MEMBERS VOTING NO: GEORGE

 

PUBLIC HEARING, SB 593-A

250

Mary Ayala

Notes, SB 593-A2 (EXHIBIT 1) and SB 593-A3 (EXHIBIT 2) correct errors discovered over the last few days. The corrected items are trivial. Summarizes, the bill establishes a property tax special assessment program for land subject to a conservation easement (EXHIBIT 3). This bill is important because it pertains to owners of property that are designated as farmland and forestland. However, some owners have not declared that they have given conservation easements to portions of their property because under current law the properties might lose their designations and be taxed at a higher rate.

 

 

 

298

Ayala

Discusses revenue impact (EXHIBIT 4) and how she arrived at the estimate.

 

 

 

315

Justin Martin

Submits written testimony (EXHIBIT 7). Urges support of SB 593 which resolves a minor technical problem in current statutes. It allows landowners to enter into a conservation easement without being penalized by back taxes. There is minor-to-no revenue impact. Would like to sit down with county officials and work with them on their concerns over this bill.

 

334

Cheryl Hummond

This bill came out of an interim work group in 2002, which met to review Oregon’s conservation incentive programs and develop recommendations. This bill had broad support from a wide group of stakeholders. They are ironing out details with amendments. Points out, counties attended part of the interim work group.

 

355

Hummond

At Chair Deckert’s request, explains that this bill allows a landowner who has a conservation easement to retain a special assessment they already had for property taxes, but still move into a new category.

 

383

Chair Deckert

Asks for an example of who could benefit from this.

 

388

Hummond

Gives an example of a landowner in Lincoln County with scenic property in a forestry special assessment, which requires the forest be used for timber harvest. She prefers to have a conservation easement on the property. Currently, she would lose her forestry special assessment and would owe back taxes based on the full market value.

 

443

Sen. George

The reason for timber tax breaks is to keep farmers in business. The anticipation is, eventually they make the harvest. Here, the product is only the scenic value. How do we justify the potential revenue loss?

 

467

Hummond

Responds, land that is used for conservation does provide economic value – for example, clean water, fish and wildlife. Second, conservation incentive bills passed in 2001 and 2003 recognize conservation as a legitimate land use in Oregon. Goals 3 and 4 of Oregon’s land use planning system, which address farming and forestry, are very important.

 

TAPE 124, SIDE A

038

Sen. George

About 56% of Oregon is already owned by government. Expresses concern that the productive portion of Oregon continues to be diminished. Resents the idea that good forestry results in dirty water. It is the cities that are polluting the rivers. Has a problem with granting the same status of tax break as would be granted for commercial purposes.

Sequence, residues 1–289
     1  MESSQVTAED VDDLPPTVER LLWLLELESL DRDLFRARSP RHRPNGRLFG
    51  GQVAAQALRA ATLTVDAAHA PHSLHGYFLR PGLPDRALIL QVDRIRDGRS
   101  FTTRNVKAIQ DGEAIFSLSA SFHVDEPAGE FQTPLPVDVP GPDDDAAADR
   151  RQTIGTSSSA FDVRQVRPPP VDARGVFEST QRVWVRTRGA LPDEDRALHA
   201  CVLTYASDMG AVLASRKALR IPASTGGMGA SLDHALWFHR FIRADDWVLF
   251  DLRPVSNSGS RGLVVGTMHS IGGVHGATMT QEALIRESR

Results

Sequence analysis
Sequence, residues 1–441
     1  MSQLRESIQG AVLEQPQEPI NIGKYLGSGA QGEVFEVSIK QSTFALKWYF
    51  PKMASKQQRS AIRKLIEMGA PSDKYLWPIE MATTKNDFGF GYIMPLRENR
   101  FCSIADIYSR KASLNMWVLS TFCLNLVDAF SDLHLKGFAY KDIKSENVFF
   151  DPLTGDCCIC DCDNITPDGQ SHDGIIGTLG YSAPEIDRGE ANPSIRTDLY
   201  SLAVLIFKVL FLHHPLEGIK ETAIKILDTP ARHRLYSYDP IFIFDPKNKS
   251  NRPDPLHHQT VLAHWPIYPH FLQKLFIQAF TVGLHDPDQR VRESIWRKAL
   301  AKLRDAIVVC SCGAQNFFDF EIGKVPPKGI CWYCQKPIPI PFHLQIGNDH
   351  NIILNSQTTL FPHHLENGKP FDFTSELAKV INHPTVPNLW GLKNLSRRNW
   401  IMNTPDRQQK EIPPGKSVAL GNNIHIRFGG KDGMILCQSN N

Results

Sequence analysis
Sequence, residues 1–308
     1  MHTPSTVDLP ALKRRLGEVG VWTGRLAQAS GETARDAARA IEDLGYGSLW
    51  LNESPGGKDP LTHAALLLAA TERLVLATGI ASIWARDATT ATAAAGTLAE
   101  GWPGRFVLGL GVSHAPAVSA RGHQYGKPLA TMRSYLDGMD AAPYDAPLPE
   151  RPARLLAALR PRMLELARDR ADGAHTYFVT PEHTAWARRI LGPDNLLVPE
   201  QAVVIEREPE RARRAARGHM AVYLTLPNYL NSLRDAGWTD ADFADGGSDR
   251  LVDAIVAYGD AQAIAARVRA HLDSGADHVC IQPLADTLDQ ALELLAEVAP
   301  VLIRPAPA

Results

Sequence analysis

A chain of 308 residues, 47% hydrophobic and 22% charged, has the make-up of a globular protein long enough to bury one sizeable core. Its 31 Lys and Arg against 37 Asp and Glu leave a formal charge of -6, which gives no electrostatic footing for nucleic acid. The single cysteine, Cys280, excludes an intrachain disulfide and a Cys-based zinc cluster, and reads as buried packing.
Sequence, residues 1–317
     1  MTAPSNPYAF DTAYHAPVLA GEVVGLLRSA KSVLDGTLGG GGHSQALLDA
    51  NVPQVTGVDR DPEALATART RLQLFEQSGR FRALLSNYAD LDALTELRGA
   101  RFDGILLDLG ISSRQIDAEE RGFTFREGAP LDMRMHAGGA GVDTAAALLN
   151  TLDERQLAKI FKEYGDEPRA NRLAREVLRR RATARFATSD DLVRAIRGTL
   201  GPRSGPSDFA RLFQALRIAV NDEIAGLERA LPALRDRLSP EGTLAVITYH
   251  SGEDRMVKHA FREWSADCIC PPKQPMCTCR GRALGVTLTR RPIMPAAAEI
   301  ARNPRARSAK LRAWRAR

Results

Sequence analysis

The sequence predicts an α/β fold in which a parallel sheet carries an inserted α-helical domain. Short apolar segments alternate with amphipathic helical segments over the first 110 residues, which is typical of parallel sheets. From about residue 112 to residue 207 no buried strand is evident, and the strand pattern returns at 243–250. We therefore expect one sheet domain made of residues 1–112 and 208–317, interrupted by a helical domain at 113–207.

053

Hummond

Responds, this assessment would involve only a dozen or so landowners each year. It is a very complex tool. Having this special assessment is another tool for a private landowner to make choices for their property without being penalized. Also, this does not necessarily take land out of production. Easements are at times used to retain the current use of the land.

 

084

Sen. George

Asks, how do you get out of an easement if that land is needed?

 

089

Hummond

It is usually a permanent agreement, and it takes a lot of work.

 

102

Vice Chair C. Starr

Objects to Hummond’s definition of conservation. It is a figment of the environmental movement’s imagination that setting aside property is conserving. Conserving is using property that brings added value through management and use. Setting it aside is preservation, not conservation. Nature has a way of destroying what we don’t use and manage well – e.g. insects, disease and fires. Conservation is managed use that benefits mankind. Is disturbed to see this term used to tie up property from beneficial uses.

 

130

Hummond

The word “conservation” in this context follows the federal definition and is in the Oregon statutes.

 

140

Chair Deckert

It seems that the definition gets in the way of the program itself. Wonders if there is a way to change the name so it won’t provoke strong feelings.

 

149

Hummond

Adds, the definition of conservation as a voluntary tool is between the landowner and the holder. We don’t determine the definition.

 

184

Kay Teisl

Testifies against the bill. See written testimony verbatim (EXHIBIT 8). Encourages the committee to vote against the bill.

 

210

Cheryl Livingston